It is, therefore, ironic to read Bookchin state that "Communalism as an ideology is not sullied by the individualism and the often explicit antirationalism of anarchism; nor does it carry the historical burden of Marxism’s authoritarianism as embodied in Bolshevism." As he was once aware, a love of individual freedom does not equate to "individualism" (an ambiguous term which hides a multitude of interpretations). Equally, refusing to base your politics on free association does raise the "burden" of the authoritarianism required to hold a confederation together.
Anarchism and Direct Democracy
Bookchin does, of course, try and present evidence to back up his claim. Kropotkin, he writes, "rejected democratic decision-making procedures" and quotes from "Kropotkin’s Revolutionary Pamphlets": "Majority rule is as defective as any other kind of rule" Yet a quick consultation of the page in question shows that Bookchin has ripped that sentence utterly out of context. It was, in fact, a dismissal of representative democracy, the notion "that it is merely stupid to elect a few men and to entrust them with the task of making laws on all possible subjects." Moreover, again on the same page, Kropotkin counterpoises federal organisation based on congresses of mandated delegates to representative democracy.
Somewhat ironically Bookchin asserts that the "sections" of the French revolution were "the authentic motive forces of the Great Revolution and conscious agents for the making of a new body politic." He then states that "they were never given the consideration they deserve in the literature on democracy, particularly democratic Marxist tendencies and revolutionary syndicalists" and this "is dramatic evidence of the flaws that existed in the revolutionary tradition." Here omission plays its part as he was surely aware that Kropotkin discussed these at length in his "The Great French Revolution", concluding that "the Revolution began by creating the Commune . . . and through this institution it gained . . . immense power." It was in these popular assemblies that "the masses, accustoming themselves to act without receiving orders from the national representatives, were practising what was to be described later as Direct Self-Government." And so "the principles of anarchism . . . already dated from 1789, and that they had their origin, not in theoretical speculations, but in the deeds of the Great French Revolution." For Kropotkin, it was a truism that "the libertarians would no doubt do the same to-day."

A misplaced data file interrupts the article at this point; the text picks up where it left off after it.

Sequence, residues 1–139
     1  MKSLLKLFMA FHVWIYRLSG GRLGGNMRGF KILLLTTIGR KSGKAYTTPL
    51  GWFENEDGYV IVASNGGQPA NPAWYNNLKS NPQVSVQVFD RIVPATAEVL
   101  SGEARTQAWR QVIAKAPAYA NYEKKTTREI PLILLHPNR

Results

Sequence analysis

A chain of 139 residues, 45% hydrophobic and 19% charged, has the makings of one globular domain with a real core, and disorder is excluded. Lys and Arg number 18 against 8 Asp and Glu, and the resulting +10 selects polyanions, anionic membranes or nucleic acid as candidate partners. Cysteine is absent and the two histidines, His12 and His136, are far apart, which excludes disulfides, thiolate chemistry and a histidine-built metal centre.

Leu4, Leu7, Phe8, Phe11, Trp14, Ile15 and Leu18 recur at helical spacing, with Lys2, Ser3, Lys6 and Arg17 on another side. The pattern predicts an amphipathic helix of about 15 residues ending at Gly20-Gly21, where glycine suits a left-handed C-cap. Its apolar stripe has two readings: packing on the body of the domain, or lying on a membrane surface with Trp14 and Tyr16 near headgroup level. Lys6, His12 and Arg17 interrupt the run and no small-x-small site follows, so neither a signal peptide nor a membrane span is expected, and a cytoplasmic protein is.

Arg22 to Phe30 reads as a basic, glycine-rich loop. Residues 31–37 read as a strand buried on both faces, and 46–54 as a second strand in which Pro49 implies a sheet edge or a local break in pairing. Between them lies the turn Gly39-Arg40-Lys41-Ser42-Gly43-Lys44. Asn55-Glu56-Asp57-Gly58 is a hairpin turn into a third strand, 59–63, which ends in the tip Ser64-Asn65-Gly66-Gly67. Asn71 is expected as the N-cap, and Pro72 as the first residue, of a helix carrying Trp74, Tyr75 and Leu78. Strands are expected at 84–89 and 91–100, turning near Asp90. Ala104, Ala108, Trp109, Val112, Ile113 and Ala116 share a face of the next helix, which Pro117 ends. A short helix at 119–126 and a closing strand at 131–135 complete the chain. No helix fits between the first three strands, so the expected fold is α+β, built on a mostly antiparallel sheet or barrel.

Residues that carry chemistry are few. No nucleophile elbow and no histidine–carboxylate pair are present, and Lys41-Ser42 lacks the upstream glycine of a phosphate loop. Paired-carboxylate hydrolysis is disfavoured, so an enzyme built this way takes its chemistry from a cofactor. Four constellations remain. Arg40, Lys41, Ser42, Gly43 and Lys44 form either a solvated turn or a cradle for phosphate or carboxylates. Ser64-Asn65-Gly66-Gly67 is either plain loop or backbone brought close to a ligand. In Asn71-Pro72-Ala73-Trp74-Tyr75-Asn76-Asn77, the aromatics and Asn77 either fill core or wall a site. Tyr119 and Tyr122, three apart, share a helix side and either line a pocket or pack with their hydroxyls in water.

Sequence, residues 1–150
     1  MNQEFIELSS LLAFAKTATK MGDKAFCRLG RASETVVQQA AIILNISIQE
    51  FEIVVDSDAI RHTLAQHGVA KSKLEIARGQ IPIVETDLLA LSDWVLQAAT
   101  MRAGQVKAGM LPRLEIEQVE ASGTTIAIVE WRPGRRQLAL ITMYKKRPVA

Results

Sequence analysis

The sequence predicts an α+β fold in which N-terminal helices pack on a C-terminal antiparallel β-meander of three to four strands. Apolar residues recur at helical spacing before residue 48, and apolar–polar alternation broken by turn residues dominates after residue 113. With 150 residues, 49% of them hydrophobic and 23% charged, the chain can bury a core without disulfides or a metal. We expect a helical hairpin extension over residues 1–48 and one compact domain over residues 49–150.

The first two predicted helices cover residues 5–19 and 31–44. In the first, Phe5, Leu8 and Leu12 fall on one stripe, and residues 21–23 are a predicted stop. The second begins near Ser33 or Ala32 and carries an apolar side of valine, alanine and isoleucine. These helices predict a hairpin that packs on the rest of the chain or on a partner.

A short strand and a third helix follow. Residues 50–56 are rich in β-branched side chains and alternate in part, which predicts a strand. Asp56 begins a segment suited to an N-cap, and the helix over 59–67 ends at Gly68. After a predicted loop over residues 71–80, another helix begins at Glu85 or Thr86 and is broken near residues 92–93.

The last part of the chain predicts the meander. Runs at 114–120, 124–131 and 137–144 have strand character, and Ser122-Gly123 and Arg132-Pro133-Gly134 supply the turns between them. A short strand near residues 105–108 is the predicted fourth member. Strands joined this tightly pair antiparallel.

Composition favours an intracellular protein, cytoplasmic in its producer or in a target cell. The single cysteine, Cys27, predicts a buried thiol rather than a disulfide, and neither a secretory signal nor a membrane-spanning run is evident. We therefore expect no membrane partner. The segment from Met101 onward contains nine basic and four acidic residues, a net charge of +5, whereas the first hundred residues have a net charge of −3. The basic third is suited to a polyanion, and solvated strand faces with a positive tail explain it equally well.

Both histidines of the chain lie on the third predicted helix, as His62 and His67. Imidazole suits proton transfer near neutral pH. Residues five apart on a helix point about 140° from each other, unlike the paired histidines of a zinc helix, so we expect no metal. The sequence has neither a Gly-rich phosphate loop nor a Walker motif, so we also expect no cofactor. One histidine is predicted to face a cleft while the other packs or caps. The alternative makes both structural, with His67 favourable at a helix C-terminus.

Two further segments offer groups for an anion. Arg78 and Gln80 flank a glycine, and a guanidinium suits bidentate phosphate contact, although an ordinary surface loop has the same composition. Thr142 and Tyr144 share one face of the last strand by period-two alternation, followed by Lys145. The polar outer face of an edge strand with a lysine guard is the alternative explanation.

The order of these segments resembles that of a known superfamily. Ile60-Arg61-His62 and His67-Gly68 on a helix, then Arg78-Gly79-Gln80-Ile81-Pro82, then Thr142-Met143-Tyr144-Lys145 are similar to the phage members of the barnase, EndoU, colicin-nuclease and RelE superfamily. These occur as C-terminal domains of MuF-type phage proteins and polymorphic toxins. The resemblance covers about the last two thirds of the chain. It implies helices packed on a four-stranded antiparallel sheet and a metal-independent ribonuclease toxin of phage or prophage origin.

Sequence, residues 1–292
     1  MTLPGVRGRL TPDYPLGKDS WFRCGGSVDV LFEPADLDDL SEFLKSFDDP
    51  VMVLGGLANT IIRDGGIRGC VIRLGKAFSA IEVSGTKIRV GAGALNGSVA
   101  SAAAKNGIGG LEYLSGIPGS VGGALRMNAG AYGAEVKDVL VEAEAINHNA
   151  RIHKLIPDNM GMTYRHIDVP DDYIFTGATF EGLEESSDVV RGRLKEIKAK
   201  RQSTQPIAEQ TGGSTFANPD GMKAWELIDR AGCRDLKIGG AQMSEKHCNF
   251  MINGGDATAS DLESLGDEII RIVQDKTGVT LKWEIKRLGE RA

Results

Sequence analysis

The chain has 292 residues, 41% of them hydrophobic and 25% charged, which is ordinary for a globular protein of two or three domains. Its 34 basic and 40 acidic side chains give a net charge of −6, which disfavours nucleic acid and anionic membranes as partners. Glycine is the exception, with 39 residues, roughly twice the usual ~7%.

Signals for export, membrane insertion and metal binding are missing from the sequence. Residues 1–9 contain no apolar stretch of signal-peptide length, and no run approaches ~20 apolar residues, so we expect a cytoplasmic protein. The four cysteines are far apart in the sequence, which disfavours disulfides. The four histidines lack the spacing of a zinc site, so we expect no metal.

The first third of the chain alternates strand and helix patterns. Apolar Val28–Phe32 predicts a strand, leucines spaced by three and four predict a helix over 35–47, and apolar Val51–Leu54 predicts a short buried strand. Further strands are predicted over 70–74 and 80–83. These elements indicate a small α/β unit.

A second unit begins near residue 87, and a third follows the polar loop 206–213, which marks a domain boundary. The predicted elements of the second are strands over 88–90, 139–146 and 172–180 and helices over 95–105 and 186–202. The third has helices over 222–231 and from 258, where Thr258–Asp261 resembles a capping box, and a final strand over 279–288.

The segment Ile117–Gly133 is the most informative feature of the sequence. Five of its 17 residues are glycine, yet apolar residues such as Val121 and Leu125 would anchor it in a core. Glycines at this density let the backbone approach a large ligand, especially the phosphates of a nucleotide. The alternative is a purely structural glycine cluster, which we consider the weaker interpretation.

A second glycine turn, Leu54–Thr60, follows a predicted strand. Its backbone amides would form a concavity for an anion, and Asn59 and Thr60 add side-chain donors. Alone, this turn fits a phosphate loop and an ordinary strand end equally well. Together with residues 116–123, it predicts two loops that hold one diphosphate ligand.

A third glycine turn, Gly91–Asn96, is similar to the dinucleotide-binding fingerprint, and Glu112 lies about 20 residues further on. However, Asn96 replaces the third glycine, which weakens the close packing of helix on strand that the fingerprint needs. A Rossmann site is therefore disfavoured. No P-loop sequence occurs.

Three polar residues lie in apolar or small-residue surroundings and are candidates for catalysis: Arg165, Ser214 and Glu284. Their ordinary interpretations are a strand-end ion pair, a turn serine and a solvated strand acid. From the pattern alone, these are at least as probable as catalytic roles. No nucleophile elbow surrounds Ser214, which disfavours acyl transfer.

Significantly Kropotkin noted that these communes were not created by standing for elections, but were "made from below upward, by the federation of the district organisations; it spring up in a revolutionary way, from popular initiative." Which is the crux of the issue, as few anarchists are opposed to popular assemblies. The critique of Bookchin’s "libertarian Municipalism" was precisely that it was tied to standing in elections to create these bodies, i.e., it was hopelessly reformist in orientation. This flawed perspective explains his most obvious contradiction. He asserted that communalists "do not contend that a Communalist society can be legislated into existence" before, on the very same page, admitting that they "do not hesitate to run candidates in municipal elections who, if elected, would use what real power their offices confer to legislate popular assemblies into existence. These assemblies, in turn, would have the power ultimately to create effective forms of town-meeting government." So, apparently, a communalist society can be "legislated into existence" after all. And what is the difference between the "popular assemblies" and a "town-meeting government"? How do they differ and why should the "popular assemblies" hand over their power to them?